By Joel Warner
By Michael Roberts
By Alan Prendergast
By Michael Roberts
By Michael Roberts
By Amber Taufen
By Patricia Calhoun
By William Breathes
We feel for those unsuspecting tourists stranded at Denver International Airport while they wait for the East to dig itself out. After all, there are only so many "Layover" or "Flyby" massages you can get in a day -- even if DIA's rubdown room has been cited by both Lucky and Organic Style as one of the nation's best in-airport spas.
Instead, those yawning Yankees should be getting a real feel for this occasionally world-class city. They should get out from under those fluorescent lights and see what the Mile High City -- er, Denver: A City with Altitude and Attitude -- truly has to offer. And we have the perfect tour guide: Andrew Hudson, Mayor Wellington Webb's press guy for the past eight years.
The tenacious tuba player is on his way out -- eleven days and counting -- to become the head flack for the American Water Works Association, a Denver-based nonprofit trying to increase the amount and quality of drinking water. In the meantime, though, Hudson has 100,000 (his salary in 2002 dollars) and one reasons to escort these huddled masses through the great city that former mayor Federico Peña imagined: If our own water supply doesn't increase, these may be the last tourists Denver sees.
The Off Limits travel agency has a few suggestions for Hudson's excursion. Of course, no trip to metro Denver is complete without a stop at Casa Bonita, for a taste of some "great Mexican food" -- which can then be washed away with a few hours on the Coors Brewery tour. And for the area's newest self-proclaimed tourist attraction, Hudson should take them on a drive through Broomfield, Colorado's newest county. It has "breathtaking scenery, easy access to the mountains, Denver and Boulder, world-class shopping, luxury resorts, golf courses and outdoor activities for every season of the year," according to an announcement by the Chamber Serving the Broomfield Area that it plans to launch a tourism initiative. "We're a perfect example of everything Colorado has to offer. All we have to do is get our name out there."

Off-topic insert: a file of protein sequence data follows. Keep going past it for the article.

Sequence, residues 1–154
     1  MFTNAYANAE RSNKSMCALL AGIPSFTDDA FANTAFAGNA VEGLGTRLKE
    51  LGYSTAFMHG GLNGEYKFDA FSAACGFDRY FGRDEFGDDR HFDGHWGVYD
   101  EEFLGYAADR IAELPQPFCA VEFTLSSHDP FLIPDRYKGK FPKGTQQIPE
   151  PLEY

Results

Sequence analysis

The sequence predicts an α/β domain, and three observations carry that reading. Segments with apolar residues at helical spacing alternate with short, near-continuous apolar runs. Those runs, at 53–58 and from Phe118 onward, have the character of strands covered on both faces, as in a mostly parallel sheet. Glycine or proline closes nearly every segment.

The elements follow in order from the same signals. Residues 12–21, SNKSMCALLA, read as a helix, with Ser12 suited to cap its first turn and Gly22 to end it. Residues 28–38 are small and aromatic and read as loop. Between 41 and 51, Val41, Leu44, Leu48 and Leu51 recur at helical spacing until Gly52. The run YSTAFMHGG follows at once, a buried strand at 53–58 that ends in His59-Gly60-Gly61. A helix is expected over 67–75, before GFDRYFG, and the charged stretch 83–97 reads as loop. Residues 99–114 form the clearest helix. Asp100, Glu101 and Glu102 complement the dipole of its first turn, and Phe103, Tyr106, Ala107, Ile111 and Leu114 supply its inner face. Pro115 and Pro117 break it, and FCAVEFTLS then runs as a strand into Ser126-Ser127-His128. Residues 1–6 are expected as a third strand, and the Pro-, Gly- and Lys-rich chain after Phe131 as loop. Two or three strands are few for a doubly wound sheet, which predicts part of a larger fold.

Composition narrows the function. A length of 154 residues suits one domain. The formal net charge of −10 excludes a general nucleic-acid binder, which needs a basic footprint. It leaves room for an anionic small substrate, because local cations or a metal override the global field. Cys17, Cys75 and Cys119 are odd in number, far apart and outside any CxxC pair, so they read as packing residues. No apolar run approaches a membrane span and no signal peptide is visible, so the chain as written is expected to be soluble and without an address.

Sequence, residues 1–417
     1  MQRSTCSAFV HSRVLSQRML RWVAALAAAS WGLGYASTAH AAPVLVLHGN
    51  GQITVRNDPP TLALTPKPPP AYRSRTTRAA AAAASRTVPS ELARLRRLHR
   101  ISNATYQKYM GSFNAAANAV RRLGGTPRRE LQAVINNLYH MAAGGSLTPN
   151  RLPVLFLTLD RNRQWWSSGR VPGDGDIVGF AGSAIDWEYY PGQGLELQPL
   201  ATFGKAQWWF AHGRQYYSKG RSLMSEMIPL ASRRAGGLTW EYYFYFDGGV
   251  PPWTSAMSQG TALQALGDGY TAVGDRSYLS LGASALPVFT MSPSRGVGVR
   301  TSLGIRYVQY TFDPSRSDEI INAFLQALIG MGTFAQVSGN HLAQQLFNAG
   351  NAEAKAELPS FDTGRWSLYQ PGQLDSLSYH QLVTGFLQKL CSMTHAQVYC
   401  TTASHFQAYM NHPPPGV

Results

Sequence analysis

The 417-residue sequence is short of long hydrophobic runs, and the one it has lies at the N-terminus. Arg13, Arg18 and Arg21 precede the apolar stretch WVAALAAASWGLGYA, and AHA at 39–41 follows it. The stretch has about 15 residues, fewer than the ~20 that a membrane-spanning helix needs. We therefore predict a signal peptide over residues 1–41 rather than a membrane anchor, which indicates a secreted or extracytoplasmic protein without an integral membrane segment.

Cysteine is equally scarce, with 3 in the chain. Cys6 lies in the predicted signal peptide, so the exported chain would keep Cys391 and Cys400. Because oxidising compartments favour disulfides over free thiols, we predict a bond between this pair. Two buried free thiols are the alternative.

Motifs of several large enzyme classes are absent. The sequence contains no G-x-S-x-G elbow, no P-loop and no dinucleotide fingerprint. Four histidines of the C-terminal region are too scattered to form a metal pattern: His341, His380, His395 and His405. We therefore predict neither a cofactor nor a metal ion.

Out there where someone hasn't heard about how the drought, forest fires and a plague of grasshoppers made for a generally disastrous 2002 tourism season. Despite the gloomy news, though, Broomfield chamber executive director Rick Roberts insists that tourism remains one of his group's top three priorities for 2003.
So far, the group has discussed the idea only once; it has no marketing materials and no slogan -- not even "Field of (Developer) Dreams." Still, Broomfield boosters believe that the county's proximity to Denver and Boulder is enough to draw tourists. Plus, there soon may be a new Walgreens or Eckerd drugstore, since both chains are currently eyeing a property in the area. And eBay is practically local, with Level 3 Communications providing its Internet access: Talk about world-class shopping!
"We have a hometown feel," Roberts says. "I think that's what people are getting back to. We're going to get away from the asphalt feel of corporate America and get back toward family-values travel and conventions."
Although that sounds a little Colorado Springs for a county so close to Boulder, conventions could be a wise focus, since Broomfield's biggest draw is the four-star Omni Interlocken Resort in the Interlocken Technology Park -- a place not exactly known for its non-corporate or "hometown" appeal.
Maybe Hudson can give Roberts a page from Webb's playbook. On Tuesday, the city announced a new program sponsored by the Denver Metro Convention & Visitors Bureau and Frontier Airlines, asking citizens to refer meetings and conventions to Denver. Those who do so are eligible for prizes -- including a trip to Mexico.
Just don't tell our stranded comrades.